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Church History Forum: church doctrine

by Catherine Frakas 28 Dec 2001

church doctrine QUESTION from mark ford June 4, 2001 I was presented in a chrisitan chat room with the idea that the Church teaches a doctrine that its permissible to lie in order for the the church to protect itself. I have never heard of such doctrine and now can‘t recall the name this person used to describe it. Thought u may know of such a doctrine, its name , and probably its true intent. Keep the faith. I love this site yall do great work : )
ANSWER by Q & A Staff on June 5, 2001
Dear Mark,
The answer is no, the Church has no doctrine that says it is permissible to lie, under any circumstance. The name you most likely heard is the doctrine of equivocation, which, when legitimately applied, is not at all the same as lying.
First: Lying in General:
Sacred Scripture condemns lying in many places. See for example, John 8:44; 1 John 2: 21; Acts 5: 3 . Pope Innocent III (1198-1216) said that Holy Scripture forbids us to lie even to save a man's life.
The Fathers were divided into two camps, represented on the one hand by Origin, who in his Stromata, VI) quotes Plato’s Republic, claiming it is permissible for doctors and statesmen to lie occasionally for the good of their patients and for the common good. Origen cites the example of Judith, Esther, and Jacob in defense of his position,
and St. Augustine who took the opposite view, claiming it is never morally permissible to tell a lie. St. Augustine’s doctrine on this point is the prevailing one in the Church. In the expression of the Church it is an example of one may never do evil that good may come of it. This is in effect a condemnation of what is known as Utilitarianism, the idea theat the end DOES justify the means.
At this point it might be helpful to give Aquinas‘ definition of lying: a statement at variance with the mind.. Another definition might be a deliberate attempt to deceive.
The doctrine of equivocation essentially means one can give an equivocal (double-meaning or evasive) answer in order to protect a secret. It DOES NOT MEAN one can give information at variance with the mind, or that one can give equivocal information deliberately intending the false interpretation to be believed over and above the true one.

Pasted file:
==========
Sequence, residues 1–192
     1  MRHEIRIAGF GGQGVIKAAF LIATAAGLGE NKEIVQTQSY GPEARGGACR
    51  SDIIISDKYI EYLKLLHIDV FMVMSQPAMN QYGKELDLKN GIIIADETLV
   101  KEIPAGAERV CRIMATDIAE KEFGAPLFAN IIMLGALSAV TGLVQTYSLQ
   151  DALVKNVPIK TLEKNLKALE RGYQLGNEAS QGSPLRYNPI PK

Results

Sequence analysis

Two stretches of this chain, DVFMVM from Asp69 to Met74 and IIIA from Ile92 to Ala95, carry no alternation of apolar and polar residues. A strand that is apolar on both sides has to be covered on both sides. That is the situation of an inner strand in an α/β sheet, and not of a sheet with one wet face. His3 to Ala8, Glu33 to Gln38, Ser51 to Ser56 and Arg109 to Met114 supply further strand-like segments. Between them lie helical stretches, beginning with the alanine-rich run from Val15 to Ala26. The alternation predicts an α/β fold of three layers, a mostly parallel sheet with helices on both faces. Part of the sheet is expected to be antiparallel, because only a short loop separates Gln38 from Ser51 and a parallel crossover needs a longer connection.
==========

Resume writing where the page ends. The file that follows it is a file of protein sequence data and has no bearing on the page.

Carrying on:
In the case where one is trying to defend a legitimately kept secret, St. Augustine taught that the plain truth must be told regardless of the consequences. To this end he pus forward a well-known scenario. A man is hiding in your house, and murderers want to kill him., They knock on your door and ask you if he is in the house. You may say that you know where he is, but will not tell: However, you may not deny that he is there.
The Scholastic St. Raymund of Pennafort, writing c. 1250, expands on this scenario. First, he says that you (the owner of the house) should say nothing if possible; and if this is not possible, then you may use equivocation , that is, an expression with a double or ambiguous meaning. St. Raymond cites Jacob, Esau, Abraham, Jehu, and the Archangel Gabriel as having made use of equivocations.
The doctrine of equivocation was brought forward as a means to preserve, among others, the seal of the confessional, as well as escaping other serious difficulties (such as the scenario of St. Augustine) without telling a lie. The doctrine was in time abused by theologians, however, to validate strict mental reservation. This abuse was corrected by, among others, the German Jesuit, Laymann (d. 1625).
For the sake of completeness, I will briefly mention another aspect of lying condemned by the Holy See,and mentioned above, strict mental reservation This quote is from the Catholic Encyclopedia: Lying :
Sometimes a statement receives a special meaning from use and custom, or from the special circumstances in which a man is placed, or from the mere fact that he holds a position of trust. When a man bids the servant say that he is not at home, common use enables any man of sense to interpret the phrase correctly. When a prisoner pleads Not guilty in a court of justice, all concerned understand what is meant. When a statesman, or a doctor, or a lawyer is asked impertinent questions about what he cannot make known without a breach of trust, he simply says, I don't know, and the assertion is true, it receives the special meaning from the position of the speaker: I have no communicable knowledge on the point. The same is true of anybody who has secrets to keep, and who is unwarrantably questioned about them. Prudent man only speak about what they should speak about , and what they say should be understood with that reservation. Catholic writers call statements like the foregoing mental reservations, and they qualify them as wide mental reservations in order to distinguish them from strict mental reservations. These latter are equivocations whose true sense is determined solely by the mind of the speaker, and by no external circumstances or common usage. They were condemned as lies by the Holy See on 2 March, 1679. Since that time they have been rejected as unlawful by all Catholic writers.
So in conclusion, we see that the Catholic Church never taught it is ok to lie, for any reason.
Thanks, Mark.
God bless, .
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